Michel Barnier and Lord David Frost will meet in London today in a new bid to break the current Brexit deadlock. Boris Johnson has insisted a deal is there to be agreed between the two sides but No10 has now warned the EU there are only 10 days for a deal to be reached, Politico understands. This has sparked concern in the EU, who need a longer period to finalise details.
Due to the ratification process needed for MEPs to sign off on any deal, there is concern on the continent over the reduced timetable.
If a deal is agreed by the end of this week, EU sources believe it could still take two parliamentary sessions before MEPs sign off on any deal.
MEPs would first conduct a plenary session later this month, before then holding a second session in December to agree on a deal before the end of the Transition Period on January 1.
European lawmakers have warned a deal will not be agreed by the end of this week – despite Mr Barnier admitting to MEPs last week: “We have to see movement next week if we want an agreement at all.”
Due to this, coordination groups have now met to establish a new timetable which would set December 16 as the final parliament session to ratify any potential deal.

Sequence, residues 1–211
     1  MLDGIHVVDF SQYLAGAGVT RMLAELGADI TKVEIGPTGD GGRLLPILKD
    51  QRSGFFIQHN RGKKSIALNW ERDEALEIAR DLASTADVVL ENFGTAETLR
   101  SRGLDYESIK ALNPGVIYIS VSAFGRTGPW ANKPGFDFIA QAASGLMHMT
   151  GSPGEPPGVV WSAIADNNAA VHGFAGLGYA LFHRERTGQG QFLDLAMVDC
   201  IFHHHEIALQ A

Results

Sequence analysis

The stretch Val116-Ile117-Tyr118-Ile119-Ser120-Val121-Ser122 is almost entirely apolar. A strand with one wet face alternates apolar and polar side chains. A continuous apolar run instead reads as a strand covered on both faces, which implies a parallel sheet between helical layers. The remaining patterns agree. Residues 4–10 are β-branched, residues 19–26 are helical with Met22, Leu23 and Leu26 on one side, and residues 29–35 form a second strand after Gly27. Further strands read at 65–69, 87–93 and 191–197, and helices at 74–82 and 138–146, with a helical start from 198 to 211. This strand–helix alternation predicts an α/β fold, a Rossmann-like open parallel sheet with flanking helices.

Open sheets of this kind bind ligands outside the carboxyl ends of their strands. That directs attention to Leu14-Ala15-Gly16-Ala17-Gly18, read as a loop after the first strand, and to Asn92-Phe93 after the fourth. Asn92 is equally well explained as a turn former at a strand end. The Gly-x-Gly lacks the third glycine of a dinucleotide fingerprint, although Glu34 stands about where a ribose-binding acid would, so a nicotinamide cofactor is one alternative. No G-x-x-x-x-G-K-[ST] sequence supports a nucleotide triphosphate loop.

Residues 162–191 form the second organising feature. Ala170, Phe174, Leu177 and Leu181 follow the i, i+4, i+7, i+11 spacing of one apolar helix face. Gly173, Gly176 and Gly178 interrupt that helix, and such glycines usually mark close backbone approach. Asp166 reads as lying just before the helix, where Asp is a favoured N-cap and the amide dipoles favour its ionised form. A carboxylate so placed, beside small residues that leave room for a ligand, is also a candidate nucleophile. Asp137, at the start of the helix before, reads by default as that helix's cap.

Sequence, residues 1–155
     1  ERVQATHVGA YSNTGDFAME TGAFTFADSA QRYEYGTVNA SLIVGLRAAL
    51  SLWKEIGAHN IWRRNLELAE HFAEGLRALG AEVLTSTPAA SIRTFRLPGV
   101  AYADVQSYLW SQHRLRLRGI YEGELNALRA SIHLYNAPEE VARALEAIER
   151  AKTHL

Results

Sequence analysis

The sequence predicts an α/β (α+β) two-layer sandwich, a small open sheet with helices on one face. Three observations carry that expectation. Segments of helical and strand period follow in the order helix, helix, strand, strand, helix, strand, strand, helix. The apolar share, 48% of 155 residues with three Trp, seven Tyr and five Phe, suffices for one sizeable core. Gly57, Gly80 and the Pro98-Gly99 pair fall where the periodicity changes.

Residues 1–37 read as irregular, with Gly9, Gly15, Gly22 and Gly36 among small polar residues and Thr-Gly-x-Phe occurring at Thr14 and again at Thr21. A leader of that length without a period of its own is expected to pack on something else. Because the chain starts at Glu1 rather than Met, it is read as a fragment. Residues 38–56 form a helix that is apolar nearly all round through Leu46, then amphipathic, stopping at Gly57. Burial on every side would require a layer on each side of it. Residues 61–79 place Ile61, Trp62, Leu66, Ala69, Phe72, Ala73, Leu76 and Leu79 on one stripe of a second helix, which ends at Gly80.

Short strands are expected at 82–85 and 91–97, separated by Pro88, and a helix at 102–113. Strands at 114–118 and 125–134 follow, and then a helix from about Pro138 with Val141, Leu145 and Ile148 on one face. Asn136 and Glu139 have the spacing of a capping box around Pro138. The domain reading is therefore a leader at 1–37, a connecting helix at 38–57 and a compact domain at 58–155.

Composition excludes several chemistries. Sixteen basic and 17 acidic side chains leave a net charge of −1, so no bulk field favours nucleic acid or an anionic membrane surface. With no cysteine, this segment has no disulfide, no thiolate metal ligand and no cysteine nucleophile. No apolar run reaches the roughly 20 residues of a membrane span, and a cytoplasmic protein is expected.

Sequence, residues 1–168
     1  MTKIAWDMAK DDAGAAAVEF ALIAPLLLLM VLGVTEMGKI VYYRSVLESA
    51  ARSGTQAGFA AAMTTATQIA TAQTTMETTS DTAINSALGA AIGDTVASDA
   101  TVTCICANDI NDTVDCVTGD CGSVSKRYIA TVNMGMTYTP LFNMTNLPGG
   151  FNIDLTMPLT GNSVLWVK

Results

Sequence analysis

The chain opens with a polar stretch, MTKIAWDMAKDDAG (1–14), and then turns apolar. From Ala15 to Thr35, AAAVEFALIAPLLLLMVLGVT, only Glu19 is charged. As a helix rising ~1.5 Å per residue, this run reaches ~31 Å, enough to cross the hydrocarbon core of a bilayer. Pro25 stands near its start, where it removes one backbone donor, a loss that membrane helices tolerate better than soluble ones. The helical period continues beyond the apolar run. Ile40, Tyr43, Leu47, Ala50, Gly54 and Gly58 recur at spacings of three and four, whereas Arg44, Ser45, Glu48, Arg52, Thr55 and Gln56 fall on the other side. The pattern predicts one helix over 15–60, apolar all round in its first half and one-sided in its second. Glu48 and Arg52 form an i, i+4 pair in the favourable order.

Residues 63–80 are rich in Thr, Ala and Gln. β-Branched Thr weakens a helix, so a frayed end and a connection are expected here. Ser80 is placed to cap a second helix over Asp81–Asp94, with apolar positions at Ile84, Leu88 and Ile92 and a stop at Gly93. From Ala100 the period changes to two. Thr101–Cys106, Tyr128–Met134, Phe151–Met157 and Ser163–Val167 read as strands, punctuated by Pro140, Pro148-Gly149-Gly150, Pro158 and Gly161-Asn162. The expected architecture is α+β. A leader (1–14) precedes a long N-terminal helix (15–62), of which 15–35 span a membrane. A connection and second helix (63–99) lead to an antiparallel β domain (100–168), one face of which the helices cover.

Mr Barnier and Lord Frost conducted ‘tunnel’ talks last week but failed to break the deadlock over fisheries, state aid and the dispute mechanism.
Unless there is significant movement from both sides, it is expected a deal will not be reached in time for it to then be ratified.
In order to help break the Brexit deadlock, Mr Johnson held a call with EU Commission President on Saturday to discuss matters.
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Ms von der Leyen also echoed the Prime Minister’s comments but insisted “large differences” remain.
Mr Johnson’s Internal Market Bill is expected to be defeated in the House of Lords today.
The legislation is set to be considered at the Committee Stage of its legislative process with peers expected to vote to remove some of the clauses of the bill.
In particular, the elements which concern state aid and customs declarations.
The legislation sparked controversy from the EU over its violations of the withdrawal agreement, with President-elect, Joe Biden warning any US-UK trade deal will not be signed if the Good Friday Agreement is violated.
Mr Biden is expected to issue his concerns over the legislation in his first call with the Prime Minister.
However, amid Mr Biden’s concerns, UK ministers have moved to insist the legislation will not impose a hard border on the island of Ireland.